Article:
David Mixner’s been in the political fray for over forty years, since Martin Luther King inspired the burgeoning activist’s social responsbility.
In the years that followed, Mixner fought battles great and small, worked inside campaigns, got arrested protesting unjust wars, joined the McGovern Commission – which rewrote the Democratic party’s rules – and would later rally gays around his old friend Bill Clinton, whom Mixner met while crusading against the Vietnam War. Mixner went on to join Clinton’s campaign and became the first openly gay man actively – and very publicly – involved in a presidential election.
Those were optimistic times, but Clinton would later break with Mixner by signing Don’t Ask, Don’t Tell, which prohibits openly gay soldiers from serving in the military. Furious over Clinton’s apparent betrayal, Mixner came out against the discriminatory policy, a move which ended up getting him booted from the inner circle. Of course, Mixner’s always been more comfortable on the outside. In fact, he describes himself as “the best outsider on the inside.”
Now, as we charge toward November, Mixner’s hoping to bring the gays to another Democratic presidential candidate, Barack Obama. During a recent conference call with the Senator’s campaign, Mixner invoked the Clinton campaign, saying:
[This is] probably for the first time since the 1992 convention, we have an extraordinary opportunity to make history as a community. We have four months to do it, so we must gather and unite in our opposition to McCain and in an opportunity to really create something special in this country – not only for the country, but for ourselves and future generations of LGBT people.
Considering Mixner’s mixed career, editor Andrew Belonsky chose to start this interview on a decidedly untraditional note…
Andrew Belonsky: When was the last time you cried, David Mixner?
David Mixner: Um, outside Gone with the Wind. [Laughs.] No. Well, I think the World Trade Center was the last time.
AB: You’re not a big crier?
DM: I used to be, but you ran out of tears during the AIDS epidemic. I lost over 200, near 300 friends. You just learn to give the British stiff upper lip; otherwise you would have been crying day in and day out. You just had to get on with life. Also, my friends who were sick needed me to be strong. I certainly cried when my partner died. I cried when certain friends died and I used to cry all the time, but we just had to be strong. And we were.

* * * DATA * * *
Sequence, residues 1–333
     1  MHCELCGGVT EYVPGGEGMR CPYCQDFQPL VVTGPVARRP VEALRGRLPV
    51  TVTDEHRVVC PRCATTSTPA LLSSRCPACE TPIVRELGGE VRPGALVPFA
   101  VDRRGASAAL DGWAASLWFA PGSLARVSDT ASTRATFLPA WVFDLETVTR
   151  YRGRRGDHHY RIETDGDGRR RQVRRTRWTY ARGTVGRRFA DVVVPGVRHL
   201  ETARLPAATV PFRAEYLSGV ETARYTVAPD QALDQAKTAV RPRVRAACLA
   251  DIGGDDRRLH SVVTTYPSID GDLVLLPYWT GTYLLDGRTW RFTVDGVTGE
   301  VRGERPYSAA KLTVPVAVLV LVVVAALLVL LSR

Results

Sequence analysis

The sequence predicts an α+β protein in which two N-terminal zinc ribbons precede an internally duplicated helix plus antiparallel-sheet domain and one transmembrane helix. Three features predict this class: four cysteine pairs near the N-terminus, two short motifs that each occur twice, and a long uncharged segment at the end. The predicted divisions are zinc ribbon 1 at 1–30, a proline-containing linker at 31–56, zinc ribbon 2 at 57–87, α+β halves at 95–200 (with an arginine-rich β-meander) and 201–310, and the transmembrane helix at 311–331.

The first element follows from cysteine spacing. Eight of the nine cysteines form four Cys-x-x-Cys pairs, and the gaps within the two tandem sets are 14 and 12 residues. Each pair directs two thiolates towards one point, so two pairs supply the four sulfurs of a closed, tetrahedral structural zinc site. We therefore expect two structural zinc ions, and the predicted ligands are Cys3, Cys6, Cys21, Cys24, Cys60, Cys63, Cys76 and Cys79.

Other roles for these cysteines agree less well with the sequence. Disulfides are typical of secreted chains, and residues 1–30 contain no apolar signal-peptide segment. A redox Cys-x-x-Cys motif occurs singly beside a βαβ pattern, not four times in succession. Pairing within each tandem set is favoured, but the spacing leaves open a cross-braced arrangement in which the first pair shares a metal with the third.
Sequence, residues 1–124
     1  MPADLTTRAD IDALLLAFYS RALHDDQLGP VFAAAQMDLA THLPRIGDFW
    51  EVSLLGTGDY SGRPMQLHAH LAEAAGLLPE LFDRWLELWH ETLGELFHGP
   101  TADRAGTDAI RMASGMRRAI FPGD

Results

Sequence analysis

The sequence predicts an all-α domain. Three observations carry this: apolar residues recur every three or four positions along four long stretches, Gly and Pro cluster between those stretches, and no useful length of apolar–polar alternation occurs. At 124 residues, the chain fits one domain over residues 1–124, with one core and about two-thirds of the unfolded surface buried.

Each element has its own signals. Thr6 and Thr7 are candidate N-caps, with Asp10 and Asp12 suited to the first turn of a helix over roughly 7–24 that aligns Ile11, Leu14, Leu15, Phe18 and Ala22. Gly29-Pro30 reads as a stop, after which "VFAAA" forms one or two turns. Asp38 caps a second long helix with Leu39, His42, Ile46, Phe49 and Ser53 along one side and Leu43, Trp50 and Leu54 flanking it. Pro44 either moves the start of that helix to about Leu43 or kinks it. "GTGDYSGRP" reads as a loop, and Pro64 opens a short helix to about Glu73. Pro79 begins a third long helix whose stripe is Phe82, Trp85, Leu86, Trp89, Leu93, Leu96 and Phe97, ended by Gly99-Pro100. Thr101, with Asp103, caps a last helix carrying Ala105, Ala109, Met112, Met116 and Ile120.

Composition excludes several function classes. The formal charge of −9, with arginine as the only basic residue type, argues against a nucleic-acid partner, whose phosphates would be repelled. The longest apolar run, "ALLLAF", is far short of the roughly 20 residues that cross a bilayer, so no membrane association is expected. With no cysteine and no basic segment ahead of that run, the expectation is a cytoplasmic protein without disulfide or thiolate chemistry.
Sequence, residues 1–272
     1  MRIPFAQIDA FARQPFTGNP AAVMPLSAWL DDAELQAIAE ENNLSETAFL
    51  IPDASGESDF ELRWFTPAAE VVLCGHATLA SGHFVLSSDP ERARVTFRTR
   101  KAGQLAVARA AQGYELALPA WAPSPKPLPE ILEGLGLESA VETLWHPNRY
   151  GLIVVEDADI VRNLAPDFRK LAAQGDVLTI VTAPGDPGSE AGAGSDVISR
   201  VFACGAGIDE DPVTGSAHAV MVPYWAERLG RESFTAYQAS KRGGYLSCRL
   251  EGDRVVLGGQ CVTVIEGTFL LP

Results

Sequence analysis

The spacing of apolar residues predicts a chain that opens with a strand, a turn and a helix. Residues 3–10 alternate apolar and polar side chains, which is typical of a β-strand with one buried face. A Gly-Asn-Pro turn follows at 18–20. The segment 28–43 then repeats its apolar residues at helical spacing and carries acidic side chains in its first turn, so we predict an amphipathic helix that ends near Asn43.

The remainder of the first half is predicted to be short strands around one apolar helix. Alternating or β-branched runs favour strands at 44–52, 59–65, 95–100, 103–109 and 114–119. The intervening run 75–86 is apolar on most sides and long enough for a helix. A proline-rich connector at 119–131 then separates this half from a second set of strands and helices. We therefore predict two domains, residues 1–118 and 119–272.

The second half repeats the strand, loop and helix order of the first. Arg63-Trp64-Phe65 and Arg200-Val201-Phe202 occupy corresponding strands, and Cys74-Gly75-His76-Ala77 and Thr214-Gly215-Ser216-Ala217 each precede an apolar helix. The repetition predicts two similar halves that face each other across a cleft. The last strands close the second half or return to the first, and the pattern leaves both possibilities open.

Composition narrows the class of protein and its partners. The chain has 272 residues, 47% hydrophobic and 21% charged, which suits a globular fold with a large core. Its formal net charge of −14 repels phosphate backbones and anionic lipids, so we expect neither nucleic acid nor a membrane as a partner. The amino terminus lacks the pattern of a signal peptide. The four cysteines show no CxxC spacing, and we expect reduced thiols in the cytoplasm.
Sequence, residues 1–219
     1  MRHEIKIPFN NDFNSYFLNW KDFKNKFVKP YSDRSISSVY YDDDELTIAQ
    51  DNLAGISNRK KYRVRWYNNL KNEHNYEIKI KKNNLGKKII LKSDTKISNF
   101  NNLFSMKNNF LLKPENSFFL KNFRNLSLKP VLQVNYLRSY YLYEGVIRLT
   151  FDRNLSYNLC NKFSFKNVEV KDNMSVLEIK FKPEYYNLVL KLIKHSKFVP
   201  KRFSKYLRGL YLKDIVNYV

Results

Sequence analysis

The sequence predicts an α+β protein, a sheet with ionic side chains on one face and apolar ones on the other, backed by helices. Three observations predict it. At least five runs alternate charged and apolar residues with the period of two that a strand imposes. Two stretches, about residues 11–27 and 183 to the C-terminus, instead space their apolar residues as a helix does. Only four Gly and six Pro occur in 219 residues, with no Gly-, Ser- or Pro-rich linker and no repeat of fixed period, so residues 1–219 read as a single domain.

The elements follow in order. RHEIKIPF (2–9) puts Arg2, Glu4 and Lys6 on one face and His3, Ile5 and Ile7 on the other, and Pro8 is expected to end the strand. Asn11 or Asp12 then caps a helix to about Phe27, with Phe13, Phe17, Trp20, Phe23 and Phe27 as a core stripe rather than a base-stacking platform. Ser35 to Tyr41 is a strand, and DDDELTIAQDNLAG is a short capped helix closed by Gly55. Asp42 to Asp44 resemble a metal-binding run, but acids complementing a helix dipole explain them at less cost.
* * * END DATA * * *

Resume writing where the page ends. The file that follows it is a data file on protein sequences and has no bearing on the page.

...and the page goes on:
AB: How long did it take you to get over your lover Peter Scott’s death? Or have you not?
DM: No. You never get over that kind of thing. What we went through was in itself a horror. To look back and realize that in two years I did 90 eulogies for men under 40. It seems incomprehensible and it almost seems as if I’m looking at someone else back there. To get old – I’m 62 – older and not have peers to share a path with, to laugh about stories – it’s very tough. I talk to a lot of gay men who are survivors like myself and I find that they’re going through the same thing. It’s an extremely lonely existence, as you get older to realize that the people with whom we’d normally be doing things are no longer here.
AB: Are you a religious person?
DM: I am very spiritual, although I don’t practice any organized religion right now, but I believe in God and I pray and it’s a key part of my life and it’s been a source of great strength for me.
AB: Do you believe in hell?
DM: Oh, hell no! I believe in the goodness of man and I believe in a benevolent God. I count myself as a liberation theologist, as a person who believes that spirituality and religion are meant to be used as a force of good to create change, to better the life of people, to practice the principles in the sermon of the mount: to love your neighbor, to help your neighbor and all of those things.
AB: Let’s switch gears and talk about one of our favorite subjects: politics. You originally supported Democrat John Edwards, particularly because of his opposition stance on the war. So, if Hillary Clinton had not supported the war, would you have supported her?
DM: Most likely – out of friendship and our long history, but the war was a deciding issue. You know, I’ve supported the Clintons in every election since 1974, when Bill ran a losing campaign for Congress. This was the first election in which I have not supported a Clinton. I supported her in both her Senate races and so I would probably view it as a very difficult decision had she been a strong opponent of the war.
AB: And there are no hurt feelings between you guys?
DM: Well, you’d have to ask her that. I certainly have a great deal of admiration and certainly after her speech at the end of the campaign, which I thought was one of the finest political speeches I’ve ever heard. Whether they have hurt feelings, there are all sorts of rumors, so I don’t know.
AB: How are you feeling about the Obama campaign?
DM: Well, you know, one of the joys of this campaign is that I had to make a decision not to support Senator Clinton, then I supported John Edwards and I ended up with Obama and I have become a real huge Obama fan in the process, which sort of caught me by surprise. I think he’s a breath of fresh air and will provide a clear choice in November – just on so many things, whether it’s LGBT issues or the war. It’s between the future and the past. It’s just such a clear-cut decision for the people of this country. Obama reminds me – and I know this is a clichÃ©, but I was alive, so I get to say it, and he was my hero – of John Kennedy: the broad sweep on policy and delegating the specifics to others and the unbelievable ability to inspire and make people believe again. And, God, it’s great to see!